Given that Red Bull had been trying for years to get VW/Audi on board, it was logical for Wolff to assume that, notwithstanding Red Bull's request for a five-year deal suggesting a long-term commitment, there was a risk that they might jump ship – having gleaned an awful lot of information about the workings of the Mercedes package.
Wolff had already been through a difficult experience with McLaren in 2014, albeit knowing well in advance that Honda was coming, and adjusting the flow of information accordingly.
The VW/Audi factor was one of the keys in what followed. Wolff is believed to have eventually convinced the Mercedes board that working with and giving its IP to a team that could morph into a works Audi project was not a sound business plan, and it trumped any marketing upsides. Suddenly, the board's enthusiasm began to wane.
Meanwhile, there was another interesting development as Wolff was fast-tracking discussions with Manor, which started after those with Red Bull. Handing what was the erstwhile Lotus supply to Manor would in effect make it that much harder for the Red Bull deal to progress.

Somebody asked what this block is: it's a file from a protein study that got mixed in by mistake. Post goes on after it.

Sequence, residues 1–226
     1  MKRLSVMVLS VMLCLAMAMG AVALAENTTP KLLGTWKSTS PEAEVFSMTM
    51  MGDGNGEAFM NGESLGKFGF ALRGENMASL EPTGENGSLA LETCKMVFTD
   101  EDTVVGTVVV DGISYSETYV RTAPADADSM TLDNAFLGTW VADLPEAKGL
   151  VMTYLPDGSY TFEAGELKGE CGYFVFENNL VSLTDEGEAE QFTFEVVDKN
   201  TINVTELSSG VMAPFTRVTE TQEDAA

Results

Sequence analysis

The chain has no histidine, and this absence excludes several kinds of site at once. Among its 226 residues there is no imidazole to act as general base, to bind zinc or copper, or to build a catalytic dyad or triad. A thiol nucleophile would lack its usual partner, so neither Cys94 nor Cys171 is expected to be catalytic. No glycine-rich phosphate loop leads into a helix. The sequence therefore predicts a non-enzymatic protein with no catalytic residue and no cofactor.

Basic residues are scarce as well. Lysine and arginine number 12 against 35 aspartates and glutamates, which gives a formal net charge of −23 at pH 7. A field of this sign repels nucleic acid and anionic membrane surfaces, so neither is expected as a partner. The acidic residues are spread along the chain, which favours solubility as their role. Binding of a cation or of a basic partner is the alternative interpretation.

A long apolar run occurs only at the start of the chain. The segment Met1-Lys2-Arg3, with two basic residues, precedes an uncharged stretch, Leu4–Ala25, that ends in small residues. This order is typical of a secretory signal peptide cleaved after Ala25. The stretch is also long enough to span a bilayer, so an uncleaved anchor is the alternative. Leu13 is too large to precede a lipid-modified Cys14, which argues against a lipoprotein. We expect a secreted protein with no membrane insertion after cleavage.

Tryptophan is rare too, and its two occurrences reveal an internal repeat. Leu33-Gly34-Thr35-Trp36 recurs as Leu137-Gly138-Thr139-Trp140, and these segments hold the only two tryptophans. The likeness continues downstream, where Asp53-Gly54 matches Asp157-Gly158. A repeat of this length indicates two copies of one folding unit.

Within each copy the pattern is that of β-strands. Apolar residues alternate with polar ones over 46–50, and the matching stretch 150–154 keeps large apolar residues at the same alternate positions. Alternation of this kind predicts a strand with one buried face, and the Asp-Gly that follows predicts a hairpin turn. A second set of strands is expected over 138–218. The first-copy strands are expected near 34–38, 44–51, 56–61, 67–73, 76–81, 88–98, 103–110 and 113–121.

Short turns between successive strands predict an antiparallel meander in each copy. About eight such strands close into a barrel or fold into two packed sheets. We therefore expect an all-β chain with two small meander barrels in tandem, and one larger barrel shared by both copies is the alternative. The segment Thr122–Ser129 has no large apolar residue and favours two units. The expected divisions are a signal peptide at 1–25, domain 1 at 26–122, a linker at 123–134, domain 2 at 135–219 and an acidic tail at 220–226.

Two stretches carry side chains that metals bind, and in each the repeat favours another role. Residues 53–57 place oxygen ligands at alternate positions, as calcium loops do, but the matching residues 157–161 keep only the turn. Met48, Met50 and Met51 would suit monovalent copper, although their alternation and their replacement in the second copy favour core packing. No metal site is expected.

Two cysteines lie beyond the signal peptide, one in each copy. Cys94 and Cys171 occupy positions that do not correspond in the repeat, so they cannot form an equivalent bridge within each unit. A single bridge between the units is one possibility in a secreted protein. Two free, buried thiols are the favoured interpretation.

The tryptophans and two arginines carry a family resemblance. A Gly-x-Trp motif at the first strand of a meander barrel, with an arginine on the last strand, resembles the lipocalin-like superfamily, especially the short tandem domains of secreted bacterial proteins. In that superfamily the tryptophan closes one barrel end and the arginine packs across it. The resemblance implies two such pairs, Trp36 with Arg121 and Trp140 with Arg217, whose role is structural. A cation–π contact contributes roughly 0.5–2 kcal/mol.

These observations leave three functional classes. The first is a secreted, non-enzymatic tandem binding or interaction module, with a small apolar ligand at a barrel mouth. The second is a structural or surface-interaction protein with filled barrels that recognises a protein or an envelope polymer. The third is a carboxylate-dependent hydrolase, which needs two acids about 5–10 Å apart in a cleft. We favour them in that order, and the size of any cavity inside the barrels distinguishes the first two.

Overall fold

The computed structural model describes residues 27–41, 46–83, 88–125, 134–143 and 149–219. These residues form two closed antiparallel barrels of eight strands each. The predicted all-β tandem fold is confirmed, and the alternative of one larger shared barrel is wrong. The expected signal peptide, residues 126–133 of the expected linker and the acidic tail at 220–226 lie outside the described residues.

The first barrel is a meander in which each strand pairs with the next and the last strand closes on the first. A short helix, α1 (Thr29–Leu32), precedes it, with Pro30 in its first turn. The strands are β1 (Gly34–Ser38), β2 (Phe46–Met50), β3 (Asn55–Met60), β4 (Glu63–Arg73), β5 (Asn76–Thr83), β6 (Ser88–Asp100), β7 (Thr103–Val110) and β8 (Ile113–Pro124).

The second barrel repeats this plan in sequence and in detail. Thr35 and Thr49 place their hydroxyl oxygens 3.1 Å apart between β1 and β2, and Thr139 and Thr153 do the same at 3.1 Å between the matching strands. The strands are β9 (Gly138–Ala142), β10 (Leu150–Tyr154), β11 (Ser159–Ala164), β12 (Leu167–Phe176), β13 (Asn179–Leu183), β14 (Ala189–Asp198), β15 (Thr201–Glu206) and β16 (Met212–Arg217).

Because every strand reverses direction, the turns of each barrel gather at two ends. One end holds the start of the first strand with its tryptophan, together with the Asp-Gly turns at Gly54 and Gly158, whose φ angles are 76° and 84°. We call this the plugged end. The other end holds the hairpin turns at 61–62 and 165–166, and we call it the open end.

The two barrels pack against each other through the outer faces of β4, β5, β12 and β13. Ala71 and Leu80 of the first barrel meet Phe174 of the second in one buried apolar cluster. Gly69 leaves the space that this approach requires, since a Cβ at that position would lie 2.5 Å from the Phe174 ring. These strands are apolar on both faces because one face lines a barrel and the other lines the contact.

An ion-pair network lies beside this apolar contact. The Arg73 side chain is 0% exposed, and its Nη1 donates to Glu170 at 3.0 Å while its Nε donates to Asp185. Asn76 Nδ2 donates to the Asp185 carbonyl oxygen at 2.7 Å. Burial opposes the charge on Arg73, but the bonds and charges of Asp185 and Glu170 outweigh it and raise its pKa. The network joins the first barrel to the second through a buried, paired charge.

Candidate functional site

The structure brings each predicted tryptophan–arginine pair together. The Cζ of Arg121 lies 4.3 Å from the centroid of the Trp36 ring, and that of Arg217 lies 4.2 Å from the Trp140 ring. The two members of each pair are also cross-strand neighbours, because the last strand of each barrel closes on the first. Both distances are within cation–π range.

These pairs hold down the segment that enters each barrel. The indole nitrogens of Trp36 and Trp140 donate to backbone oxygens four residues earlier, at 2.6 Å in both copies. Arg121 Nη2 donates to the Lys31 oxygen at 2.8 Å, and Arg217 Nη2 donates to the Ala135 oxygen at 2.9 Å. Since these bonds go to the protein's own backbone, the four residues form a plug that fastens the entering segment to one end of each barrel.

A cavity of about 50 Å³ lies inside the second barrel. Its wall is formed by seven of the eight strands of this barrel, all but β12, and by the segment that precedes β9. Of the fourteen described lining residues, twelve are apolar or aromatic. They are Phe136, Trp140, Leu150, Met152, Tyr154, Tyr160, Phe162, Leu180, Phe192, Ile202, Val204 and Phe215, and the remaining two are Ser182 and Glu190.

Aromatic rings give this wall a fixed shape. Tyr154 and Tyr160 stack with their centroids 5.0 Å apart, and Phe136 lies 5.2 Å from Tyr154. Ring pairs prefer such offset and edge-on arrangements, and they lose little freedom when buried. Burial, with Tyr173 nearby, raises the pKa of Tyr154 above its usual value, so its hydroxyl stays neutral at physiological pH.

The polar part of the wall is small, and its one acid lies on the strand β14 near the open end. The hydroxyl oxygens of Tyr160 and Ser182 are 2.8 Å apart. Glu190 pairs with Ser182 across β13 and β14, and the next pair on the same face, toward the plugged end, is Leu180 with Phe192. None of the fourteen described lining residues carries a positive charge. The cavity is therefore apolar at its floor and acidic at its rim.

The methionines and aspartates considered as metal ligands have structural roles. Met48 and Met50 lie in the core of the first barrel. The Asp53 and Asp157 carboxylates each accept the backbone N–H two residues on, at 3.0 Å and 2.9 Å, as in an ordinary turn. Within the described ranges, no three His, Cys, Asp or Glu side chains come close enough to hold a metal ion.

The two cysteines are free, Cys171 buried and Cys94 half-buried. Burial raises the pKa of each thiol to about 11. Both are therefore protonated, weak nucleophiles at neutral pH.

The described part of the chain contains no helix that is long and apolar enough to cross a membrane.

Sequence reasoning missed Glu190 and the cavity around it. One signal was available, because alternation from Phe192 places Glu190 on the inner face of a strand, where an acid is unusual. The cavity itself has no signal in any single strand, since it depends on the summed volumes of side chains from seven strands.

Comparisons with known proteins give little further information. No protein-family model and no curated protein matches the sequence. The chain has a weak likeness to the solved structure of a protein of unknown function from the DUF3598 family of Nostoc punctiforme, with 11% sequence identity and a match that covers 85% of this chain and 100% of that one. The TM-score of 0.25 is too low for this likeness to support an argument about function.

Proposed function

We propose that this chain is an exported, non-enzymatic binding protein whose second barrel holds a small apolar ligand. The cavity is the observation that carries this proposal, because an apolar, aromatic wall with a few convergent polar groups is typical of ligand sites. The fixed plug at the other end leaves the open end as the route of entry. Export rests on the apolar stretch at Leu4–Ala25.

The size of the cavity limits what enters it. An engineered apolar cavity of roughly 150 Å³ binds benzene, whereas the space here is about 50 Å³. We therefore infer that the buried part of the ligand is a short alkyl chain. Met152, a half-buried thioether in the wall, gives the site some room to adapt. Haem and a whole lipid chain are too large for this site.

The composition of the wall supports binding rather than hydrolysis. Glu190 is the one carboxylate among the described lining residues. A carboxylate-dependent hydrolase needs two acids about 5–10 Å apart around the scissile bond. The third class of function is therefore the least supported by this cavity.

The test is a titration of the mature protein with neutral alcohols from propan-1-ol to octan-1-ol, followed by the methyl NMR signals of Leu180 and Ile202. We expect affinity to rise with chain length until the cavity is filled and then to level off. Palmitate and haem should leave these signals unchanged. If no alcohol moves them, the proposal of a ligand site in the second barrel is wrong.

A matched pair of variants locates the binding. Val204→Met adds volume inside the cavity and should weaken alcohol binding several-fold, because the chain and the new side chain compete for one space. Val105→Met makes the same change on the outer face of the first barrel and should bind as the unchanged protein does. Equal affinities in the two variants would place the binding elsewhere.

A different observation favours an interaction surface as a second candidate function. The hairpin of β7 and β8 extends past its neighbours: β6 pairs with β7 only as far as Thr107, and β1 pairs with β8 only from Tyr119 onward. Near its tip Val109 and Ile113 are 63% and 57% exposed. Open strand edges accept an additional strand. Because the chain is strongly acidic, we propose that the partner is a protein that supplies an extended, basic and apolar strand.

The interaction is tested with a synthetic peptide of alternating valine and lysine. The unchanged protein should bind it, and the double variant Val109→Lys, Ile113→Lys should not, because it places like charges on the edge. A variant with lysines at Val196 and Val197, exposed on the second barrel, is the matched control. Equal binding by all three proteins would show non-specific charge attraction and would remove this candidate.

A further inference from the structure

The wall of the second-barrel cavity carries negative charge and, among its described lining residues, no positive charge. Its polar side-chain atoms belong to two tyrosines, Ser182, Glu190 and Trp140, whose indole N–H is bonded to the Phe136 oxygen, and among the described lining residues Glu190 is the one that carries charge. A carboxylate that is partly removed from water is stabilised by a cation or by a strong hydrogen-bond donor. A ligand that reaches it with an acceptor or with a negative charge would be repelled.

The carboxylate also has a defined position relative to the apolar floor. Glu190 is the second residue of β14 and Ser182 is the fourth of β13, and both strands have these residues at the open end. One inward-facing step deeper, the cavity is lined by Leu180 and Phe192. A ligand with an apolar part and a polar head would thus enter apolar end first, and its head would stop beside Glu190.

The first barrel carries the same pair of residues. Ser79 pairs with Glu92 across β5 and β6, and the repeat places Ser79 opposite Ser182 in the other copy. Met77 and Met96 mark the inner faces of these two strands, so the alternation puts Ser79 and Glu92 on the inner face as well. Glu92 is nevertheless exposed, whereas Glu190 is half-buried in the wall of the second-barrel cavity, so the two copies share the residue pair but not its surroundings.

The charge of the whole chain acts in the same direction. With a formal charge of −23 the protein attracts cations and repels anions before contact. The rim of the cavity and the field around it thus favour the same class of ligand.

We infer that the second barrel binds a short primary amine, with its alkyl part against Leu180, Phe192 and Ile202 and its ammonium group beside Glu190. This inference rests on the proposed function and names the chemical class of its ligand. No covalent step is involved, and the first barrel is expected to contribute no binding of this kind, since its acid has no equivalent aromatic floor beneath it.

It would allow Mercedes to say to Ecclestone: 'Look, we have four teams, we've done our bit for F1, we can't supply a fifth.'
When the summer break ended at Spa, the Red Bull deal still seemed to be game on, but things came to a head around the time of the Italian GP. The word in the paddock was that the deal was not going to happen after all.
In fact, just before Monza, Lauda had given Red Bull the bad news.
Hamilton against it